While early top line plans have begun to emerge – For example, an initial pilot on the Isle of Wight - there is no real detail as yet, on how this will actually work and how the NHS will be involved. For example, what role will 111, GPs and pharmacies - the first NHS point of contact for most patients – play? This information is needed now if the NHS is to prepare properly.
The other emerging evidence is that covid-19 can be particularly concentrated in health and care settings. As the number of care home deaths show, there is a potentially deadly combination here - staff and patients who may be unaware they have the virus, as we can all be infectious for a few days without showing symptoms, and significant concentrations of those most vulnerable to COVID-19.
We must move as quickly as possible, to regularly and frequently testing everyone in these settings – staff, patients / residents alike - irrespective of whether they are showing symptoms. This is important to ensuring that we bring the number of care homes deaths under control and can safely restart ordinary hospital activity.
Regularly testing all health and care staff requires a more localised testing infrastructure than the large drive through testing centres, supplemented by mobile units, that was built in the run up to April 30.
Regularly testing all health and care staff requires a more localised testing infrastructure than the large drive through testing centres, supplemented by mobile units, that was built in the run up to April 30. It also requires careful planning – testing at least a million health and care staff every week is a huge operational and logistical undertaking that we need to start preparing for now.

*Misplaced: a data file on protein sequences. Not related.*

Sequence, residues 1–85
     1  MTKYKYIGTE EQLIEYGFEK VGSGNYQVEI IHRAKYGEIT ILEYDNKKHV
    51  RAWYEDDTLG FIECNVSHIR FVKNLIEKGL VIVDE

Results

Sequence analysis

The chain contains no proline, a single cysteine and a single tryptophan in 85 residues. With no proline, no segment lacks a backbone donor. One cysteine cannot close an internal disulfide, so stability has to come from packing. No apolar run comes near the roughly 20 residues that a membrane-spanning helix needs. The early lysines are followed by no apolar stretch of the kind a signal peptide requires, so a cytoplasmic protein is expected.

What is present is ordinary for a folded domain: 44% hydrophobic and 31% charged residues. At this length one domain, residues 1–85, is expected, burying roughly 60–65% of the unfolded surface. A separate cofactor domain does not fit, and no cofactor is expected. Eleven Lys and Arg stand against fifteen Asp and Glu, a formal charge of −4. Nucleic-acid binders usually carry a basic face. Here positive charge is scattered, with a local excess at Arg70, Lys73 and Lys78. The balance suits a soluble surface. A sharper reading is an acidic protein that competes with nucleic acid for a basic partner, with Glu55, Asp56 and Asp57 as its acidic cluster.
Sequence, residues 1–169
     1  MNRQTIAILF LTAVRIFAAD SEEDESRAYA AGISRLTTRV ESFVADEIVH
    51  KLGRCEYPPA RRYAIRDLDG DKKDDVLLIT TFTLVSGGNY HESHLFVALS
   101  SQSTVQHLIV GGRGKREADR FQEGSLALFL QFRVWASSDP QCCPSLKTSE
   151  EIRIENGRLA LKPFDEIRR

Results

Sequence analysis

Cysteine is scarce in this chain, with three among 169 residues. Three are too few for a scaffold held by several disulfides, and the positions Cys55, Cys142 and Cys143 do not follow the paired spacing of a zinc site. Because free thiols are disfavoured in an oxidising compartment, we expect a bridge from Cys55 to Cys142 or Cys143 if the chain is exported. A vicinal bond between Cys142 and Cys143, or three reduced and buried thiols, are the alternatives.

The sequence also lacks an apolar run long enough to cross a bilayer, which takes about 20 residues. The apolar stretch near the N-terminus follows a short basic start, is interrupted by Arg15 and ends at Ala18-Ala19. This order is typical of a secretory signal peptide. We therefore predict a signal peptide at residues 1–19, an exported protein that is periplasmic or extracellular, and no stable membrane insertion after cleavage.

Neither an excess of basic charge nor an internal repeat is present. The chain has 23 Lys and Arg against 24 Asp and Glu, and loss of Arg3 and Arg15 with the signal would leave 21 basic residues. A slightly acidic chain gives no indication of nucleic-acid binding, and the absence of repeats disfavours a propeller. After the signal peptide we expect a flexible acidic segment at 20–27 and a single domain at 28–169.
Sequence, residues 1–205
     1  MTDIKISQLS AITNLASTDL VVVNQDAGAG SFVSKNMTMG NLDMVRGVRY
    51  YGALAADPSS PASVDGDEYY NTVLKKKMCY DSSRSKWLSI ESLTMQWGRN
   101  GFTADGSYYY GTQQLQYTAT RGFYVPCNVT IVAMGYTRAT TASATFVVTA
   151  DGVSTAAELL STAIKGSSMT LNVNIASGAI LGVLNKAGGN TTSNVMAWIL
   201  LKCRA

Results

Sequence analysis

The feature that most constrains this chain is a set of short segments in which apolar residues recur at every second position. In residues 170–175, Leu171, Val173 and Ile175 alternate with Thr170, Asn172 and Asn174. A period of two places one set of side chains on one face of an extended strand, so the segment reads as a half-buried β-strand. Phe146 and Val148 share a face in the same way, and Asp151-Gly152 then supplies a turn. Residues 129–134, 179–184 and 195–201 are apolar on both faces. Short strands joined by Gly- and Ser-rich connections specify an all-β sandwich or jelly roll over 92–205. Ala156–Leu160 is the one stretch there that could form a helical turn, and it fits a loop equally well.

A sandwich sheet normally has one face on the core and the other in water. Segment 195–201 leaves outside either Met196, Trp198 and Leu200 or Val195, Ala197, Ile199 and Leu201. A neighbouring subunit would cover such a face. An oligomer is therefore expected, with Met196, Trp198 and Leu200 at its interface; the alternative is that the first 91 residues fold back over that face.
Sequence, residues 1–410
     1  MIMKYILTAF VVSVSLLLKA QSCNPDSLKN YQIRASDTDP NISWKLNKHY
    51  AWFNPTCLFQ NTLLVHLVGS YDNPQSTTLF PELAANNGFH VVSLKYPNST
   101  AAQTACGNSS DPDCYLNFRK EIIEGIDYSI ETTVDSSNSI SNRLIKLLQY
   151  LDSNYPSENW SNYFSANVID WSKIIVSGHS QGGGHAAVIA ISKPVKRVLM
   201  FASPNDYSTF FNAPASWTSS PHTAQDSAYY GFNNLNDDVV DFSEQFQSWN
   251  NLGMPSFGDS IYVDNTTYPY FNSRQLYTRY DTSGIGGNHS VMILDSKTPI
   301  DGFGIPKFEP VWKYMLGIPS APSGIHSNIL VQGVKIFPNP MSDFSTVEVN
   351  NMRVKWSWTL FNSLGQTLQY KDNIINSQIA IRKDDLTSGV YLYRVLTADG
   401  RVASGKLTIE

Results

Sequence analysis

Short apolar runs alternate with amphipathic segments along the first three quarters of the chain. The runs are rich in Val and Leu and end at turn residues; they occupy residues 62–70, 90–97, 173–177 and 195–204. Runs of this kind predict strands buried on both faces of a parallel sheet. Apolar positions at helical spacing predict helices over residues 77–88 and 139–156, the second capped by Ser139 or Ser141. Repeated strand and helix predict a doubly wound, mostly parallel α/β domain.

Underpinning this next phase of testing activity are some important questions. Up to now, our testing regime has been tightly controlled from the national level in pursuit of the 100,000 tests on 30 April target. However, given that the focus is now shifting to localised 'lockdown easing' testing and frequent, regular, testing of all health and care staff and patients, there are strong arguments to significantly decentralise control. This approach has worked very successfully in other countries.
We also need to answer the questions on how much testing capacity we will actually need in this next phase, and how this will be built. For example, testing a million NHS and care staff once a week, by itself, requires at least 142,500 tests a day.
Within all this we need to be clear that every organisation involved in testing has an important role to play and an important responsibility. The NHS, along with all other parts of the testing infrastructure, must be continually identifying the barriers and solutions to all the testing challenges that arise, and of course, the potential solutions. It's their job to share their insights loud and clear. It's the government's job to take them on board and adapt their approach accordingly. So, we need to move from tactical, top down, command and control, to a strategic, collective, effort.
These, and other, questions need proper debate and discussion with health and care professionals and the wider public, to arrive at a robust and effective testing strategy. The government's April 4 testing plan started to build such a strategy but it's now out of date and desperately needs updating. Tactical responses are understandable in the first phase of a crisis response but we now need a clear path for how our testing regime will develop going forward.
This was also published in the Independent.